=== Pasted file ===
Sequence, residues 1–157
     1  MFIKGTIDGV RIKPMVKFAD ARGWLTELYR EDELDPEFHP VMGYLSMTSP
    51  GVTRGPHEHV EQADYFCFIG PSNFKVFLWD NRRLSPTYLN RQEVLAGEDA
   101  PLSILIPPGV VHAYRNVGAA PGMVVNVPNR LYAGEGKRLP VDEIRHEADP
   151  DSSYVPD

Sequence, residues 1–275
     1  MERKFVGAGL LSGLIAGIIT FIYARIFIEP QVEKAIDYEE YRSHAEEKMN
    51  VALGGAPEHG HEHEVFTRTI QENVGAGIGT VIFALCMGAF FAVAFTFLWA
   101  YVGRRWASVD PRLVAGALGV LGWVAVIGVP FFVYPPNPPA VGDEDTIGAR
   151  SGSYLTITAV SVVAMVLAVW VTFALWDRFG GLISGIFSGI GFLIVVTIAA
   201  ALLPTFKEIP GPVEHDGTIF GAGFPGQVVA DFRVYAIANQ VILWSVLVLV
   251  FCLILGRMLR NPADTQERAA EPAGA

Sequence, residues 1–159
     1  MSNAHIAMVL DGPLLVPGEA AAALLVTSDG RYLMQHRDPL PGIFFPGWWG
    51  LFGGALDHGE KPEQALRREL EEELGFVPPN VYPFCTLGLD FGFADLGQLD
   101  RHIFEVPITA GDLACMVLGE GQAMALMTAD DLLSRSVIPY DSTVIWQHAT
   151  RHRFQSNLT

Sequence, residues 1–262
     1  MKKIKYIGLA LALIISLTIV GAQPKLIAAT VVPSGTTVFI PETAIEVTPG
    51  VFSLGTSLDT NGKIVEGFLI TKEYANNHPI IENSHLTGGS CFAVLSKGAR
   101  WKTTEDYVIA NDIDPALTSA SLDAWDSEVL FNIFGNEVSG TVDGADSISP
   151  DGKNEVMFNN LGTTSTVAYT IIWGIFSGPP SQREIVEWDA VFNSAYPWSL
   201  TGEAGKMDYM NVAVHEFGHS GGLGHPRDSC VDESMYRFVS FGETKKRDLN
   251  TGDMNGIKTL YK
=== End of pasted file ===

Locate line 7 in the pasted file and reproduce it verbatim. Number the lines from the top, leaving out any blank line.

     1  MERKFVGAGL LSGLIAGIIT FIYARIFIEP QVEKAIDYEE YRSHAEEKMN